In a rare win for plaintiffs seeking to avoid arbitration, the U.S. Supreme Court rejected a trucking company’s attempt to compel arbitration in a driver’s proposed minimum wage class action.  The Court held that the Federal Arbitration Act’s exemption for interstate transportation workers applies not only to employees, but also to those classified as independent contractors. 
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The Supreme Court once again has shown its strong preference for enforcing the terms of arbitration agreements as written by the parties.  In Henry Schein Inc. v. Archer & White Sales Inc., Justice Kavanaugh’s first written opinion, the Court held that when an arbitration agreement delegates the threshold question of arbitrability to an arbitrator, the arbitrator, not a court, should decide the question, even if it is clear to a court that the dispute is not covered by the arbitration agreement. 
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The combination of a quirky procedural posture and broad language used by the Supreme Court in 1941 have left Home Depot trapped in a North Carolina state court defending against a class action, despite the removal provisions of the Class Action Fairness Act.  On September 27, 2018, the Supreme Court granted certiorari to decide whether CAFA authorizes removal of class action counterclaims when its requirements are otherwise met.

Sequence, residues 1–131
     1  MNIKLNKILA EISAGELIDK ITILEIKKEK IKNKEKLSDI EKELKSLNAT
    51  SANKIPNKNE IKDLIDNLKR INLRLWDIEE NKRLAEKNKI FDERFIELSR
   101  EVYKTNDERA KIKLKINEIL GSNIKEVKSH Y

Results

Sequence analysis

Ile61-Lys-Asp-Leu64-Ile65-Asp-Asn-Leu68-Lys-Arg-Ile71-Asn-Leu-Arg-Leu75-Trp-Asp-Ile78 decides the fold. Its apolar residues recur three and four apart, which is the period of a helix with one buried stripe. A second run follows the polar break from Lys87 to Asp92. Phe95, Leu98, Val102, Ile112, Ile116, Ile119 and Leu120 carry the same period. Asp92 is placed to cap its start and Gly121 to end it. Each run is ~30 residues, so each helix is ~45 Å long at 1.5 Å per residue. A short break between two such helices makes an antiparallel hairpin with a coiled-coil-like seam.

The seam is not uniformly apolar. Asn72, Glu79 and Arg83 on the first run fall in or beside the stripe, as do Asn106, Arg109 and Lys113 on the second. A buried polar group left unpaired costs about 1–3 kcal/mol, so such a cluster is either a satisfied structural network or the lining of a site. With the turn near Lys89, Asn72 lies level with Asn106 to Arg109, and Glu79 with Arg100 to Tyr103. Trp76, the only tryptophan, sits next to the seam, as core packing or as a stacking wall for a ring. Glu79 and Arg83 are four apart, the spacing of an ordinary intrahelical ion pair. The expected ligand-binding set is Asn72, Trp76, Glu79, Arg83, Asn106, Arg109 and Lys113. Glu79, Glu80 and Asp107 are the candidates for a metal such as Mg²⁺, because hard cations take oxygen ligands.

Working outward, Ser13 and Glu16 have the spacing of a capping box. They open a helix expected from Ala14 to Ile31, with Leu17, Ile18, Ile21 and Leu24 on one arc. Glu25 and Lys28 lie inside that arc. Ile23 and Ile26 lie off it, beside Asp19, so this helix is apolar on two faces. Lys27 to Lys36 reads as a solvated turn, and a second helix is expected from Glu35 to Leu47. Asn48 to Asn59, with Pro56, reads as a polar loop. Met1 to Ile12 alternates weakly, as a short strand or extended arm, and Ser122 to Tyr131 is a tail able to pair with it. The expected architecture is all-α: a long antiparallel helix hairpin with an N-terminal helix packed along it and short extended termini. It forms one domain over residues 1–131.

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In China Agritech, Inc. v. Resh, the U.S. Supreme Court held that putative class members cannot rely on equitable tolling to file new class actions under Rule 23 of the Federal Rules of Civil Procedure. Resh was the third shareholder class action suit filed against China Agritech, Inc. under the Securities Exchange Act of 1934. The plaintiffs in the two previous suits settled their claims after the court denied their motions for class certification. 
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In one of the most anticipated decisions of the term, the U.S. Supreme Court, in a 7-2 decision, dodged the key constitutional questions in Masterpiece Cakeshop v. Colorado Civil Rights Commission, issuing a narrow opinion finding that the Colorado Civil Rights Commission displayed “impermissible hostility” toward a baker’s sincerely held religious beliefs.
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